Ax trekked the sixty miles from the Canadian border to his former pack’s campgrounds trying to empty his mind. The deep meditation technique usually worked, but today his mind was too distracted by a gnawing hunger he couldn’t seem to satiate no matter how much or how often he ate.
The scent of the blooming forest surrounded Ax, and vivid memories assaulted him. To him, it was like living the dreaded past again and again.
By the time he reached the outskirts of the pack grounds, adrenaline ran wild in Ax’s veins, and his wolf pawed inside his mind, eager for a good fight.
And then there was the matter of his empty stomach, even though he consumed his last meal only a few hours ago. Fortunately, the reserve teemed with wildlife, and a herd of deer called Ax’s wolf like a siren. He stripped and gracefully shifted, letting his wolf free to provide food for him. The hunt was on the moment the wolf’s paws hit the compact dirt of the forest. An hour later, his belly was filled with a big deer that had stopped to drink from a brook. His wolf didn’t always eat an entire animal—especially one this large—but Ax’s edginess had clearly affected the wolf as well, and Ax was a nervous eater if there ever was one.
After licking his fur clean from the blood, his wolf drank from the brook before loping back to the beginning of the trail where Ax’s clothes lay strewn on the mossy ground. Ax was surprised to feel light when the meal his wolf just devoured should have filled him for several days. Coming back to the pack screwed him up, and he hated the feeling, as if he weren’t in control when control meant everything to him.
Grinding his teeth, he passed his hand over his scruffy beard and trudged forward, toward the camp. His scent announced his presence better and faster than any intercom would have.
Not even a minute passed after he stepped inside Seattle’s Wolf Pack Ranch than a gangly youth ambled toward the gate to check on the intruder. Rifle tucked under one arm, the boy studied Ax as he approached him.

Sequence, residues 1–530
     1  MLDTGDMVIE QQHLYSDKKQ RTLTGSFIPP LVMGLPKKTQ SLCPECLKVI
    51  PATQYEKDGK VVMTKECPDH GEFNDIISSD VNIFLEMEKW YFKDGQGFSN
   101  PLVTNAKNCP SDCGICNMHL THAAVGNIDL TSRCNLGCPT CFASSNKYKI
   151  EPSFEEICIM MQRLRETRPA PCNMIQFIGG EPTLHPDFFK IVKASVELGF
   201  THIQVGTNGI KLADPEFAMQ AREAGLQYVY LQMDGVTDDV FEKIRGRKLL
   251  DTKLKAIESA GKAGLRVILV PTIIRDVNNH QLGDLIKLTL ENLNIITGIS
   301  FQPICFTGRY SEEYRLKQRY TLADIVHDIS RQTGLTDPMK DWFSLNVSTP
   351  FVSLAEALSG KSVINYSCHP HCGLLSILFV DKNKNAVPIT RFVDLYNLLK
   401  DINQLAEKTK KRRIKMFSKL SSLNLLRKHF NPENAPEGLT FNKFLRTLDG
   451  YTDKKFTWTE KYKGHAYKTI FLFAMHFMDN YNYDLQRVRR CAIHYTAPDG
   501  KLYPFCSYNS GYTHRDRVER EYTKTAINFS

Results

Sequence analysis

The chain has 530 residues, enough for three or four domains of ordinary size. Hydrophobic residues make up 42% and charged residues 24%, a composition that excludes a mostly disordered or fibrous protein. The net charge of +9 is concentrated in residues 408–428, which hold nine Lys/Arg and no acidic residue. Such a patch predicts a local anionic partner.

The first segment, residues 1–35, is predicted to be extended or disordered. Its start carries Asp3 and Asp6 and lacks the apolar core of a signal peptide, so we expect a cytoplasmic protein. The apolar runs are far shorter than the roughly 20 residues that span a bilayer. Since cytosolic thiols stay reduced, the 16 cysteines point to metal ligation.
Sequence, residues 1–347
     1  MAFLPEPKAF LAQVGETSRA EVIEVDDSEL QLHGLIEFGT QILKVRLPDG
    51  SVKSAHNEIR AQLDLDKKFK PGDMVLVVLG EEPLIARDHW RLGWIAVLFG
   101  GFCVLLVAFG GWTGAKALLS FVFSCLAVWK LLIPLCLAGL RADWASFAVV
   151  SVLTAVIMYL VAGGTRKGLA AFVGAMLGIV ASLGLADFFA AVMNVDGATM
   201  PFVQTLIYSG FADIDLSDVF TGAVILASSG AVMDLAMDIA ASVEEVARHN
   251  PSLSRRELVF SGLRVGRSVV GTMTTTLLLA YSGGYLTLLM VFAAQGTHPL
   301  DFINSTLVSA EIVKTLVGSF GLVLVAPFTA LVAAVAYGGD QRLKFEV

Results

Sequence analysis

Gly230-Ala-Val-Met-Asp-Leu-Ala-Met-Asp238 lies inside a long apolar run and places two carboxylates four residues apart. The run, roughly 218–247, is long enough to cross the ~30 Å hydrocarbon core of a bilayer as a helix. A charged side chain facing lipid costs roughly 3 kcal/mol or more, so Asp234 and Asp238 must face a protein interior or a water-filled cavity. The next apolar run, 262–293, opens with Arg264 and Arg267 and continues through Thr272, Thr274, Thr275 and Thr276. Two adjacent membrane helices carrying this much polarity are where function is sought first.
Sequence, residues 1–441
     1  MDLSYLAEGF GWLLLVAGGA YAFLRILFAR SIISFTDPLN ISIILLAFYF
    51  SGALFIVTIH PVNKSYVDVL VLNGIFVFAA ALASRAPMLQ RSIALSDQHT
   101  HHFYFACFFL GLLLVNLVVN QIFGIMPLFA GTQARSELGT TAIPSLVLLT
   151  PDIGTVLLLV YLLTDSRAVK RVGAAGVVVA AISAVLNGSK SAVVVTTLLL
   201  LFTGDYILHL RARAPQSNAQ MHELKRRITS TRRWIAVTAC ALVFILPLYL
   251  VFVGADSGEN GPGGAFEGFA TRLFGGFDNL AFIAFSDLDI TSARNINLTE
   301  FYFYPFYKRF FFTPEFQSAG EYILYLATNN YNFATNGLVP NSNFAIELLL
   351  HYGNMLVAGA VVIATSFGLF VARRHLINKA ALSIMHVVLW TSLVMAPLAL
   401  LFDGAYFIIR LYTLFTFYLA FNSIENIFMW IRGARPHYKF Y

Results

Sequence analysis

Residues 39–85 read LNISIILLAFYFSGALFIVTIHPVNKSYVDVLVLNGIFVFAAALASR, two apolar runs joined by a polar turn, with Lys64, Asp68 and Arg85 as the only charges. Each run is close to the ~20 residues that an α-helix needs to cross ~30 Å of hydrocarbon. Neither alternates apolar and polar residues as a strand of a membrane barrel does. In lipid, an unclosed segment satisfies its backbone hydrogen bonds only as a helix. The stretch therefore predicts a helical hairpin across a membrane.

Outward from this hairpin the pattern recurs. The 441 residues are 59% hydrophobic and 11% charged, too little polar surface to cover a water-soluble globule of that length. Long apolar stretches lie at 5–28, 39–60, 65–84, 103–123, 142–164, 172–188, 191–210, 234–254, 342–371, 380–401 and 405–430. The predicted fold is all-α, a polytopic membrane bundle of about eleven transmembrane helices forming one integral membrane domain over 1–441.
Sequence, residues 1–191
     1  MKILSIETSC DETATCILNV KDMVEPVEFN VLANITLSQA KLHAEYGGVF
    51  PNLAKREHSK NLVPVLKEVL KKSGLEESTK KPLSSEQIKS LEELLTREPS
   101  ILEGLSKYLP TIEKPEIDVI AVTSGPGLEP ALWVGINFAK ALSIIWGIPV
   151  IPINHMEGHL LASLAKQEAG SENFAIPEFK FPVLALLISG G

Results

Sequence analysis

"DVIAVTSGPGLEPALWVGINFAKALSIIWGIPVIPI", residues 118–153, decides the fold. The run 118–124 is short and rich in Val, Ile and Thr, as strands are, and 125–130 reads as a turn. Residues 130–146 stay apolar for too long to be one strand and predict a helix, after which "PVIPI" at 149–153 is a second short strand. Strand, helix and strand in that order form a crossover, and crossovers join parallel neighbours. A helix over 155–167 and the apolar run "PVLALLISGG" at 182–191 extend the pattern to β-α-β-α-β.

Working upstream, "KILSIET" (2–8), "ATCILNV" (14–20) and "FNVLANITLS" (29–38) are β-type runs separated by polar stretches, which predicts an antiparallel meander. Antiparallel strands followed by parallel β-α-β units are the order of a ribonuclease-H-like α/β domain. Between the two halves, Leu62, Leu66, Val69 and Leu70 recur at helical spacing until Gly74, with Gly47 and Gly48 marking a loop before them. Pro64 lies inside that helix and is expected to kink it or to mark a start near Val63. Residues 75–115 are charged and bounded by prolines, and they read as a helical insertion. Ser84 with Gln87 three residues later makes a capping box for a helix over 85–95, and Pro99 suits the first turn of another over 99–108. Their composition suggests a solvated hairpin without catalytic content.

Squinting against the glare of the afternoon sun, Ax called, “Is that you, Alejandro?”
The boy’s lips curved up in a bright smile. “Ax!” He hurried to close the gap between them. “You came—”
“Off course I did,” Ax responded by rote.
Every single member of his former pack knew that Axelrod McKenzie would have rather hunted killer orcas barehanded than come back to the ranch.
“Kendall has been waiting for you—”
“And we don’t want to make Ken wait,” Ax said.
Alejandro flinched at his remark. Nobody called Kendall, the new alpha and Ax’s brother, with a doll name. Flustered, he opened and closed his mouth.
Again, the silence of the unspoken words. It had always been that way with Ax. Ever since he’d been slightly younger than the youth in front of him, Ax knew he made people uncomfortable. A long time ago, he cared enough about what people thought of him and tried to be pleasant. It hadn’t lasted more than a week, maybe ten days all in all. Now, he didn’t care one way or the other. He had left civilization behind and sought refuge in the wilderness of Alaska to escape the everyday drudge of pack life.
“Let’s go.” Ax ruffled Alejandro’s unruly blond mane.
The boy chatted the entire way from the gate to the camp proper, the whole forty-five minutes of the jog. Ax tuned Alejandro out after the first two or three minutes he kept blathering about renegade attacks and impending betrothals. It was the same old shit Ax had left behind without looking back once.
Seattle’s Wolf Pack Ranch was a large compound, nestled between two high ridges, and hidden from the rest of the world by its geographical position. Carlton McKenzie’s grandfather bought the land when Washington state was a province. The deal set the industrious man back a few years, but it proved a smart decision. As an alpha, he established the largest and most successful pack in the entire Pacific Northwest, setting the example for the rest of the packs in North America. His son Ira was as successful as his father, and his grandson, Sean, added to the property another one thousand acres and more years of prosperity and peace by having the land declared a natural reserve for wolves.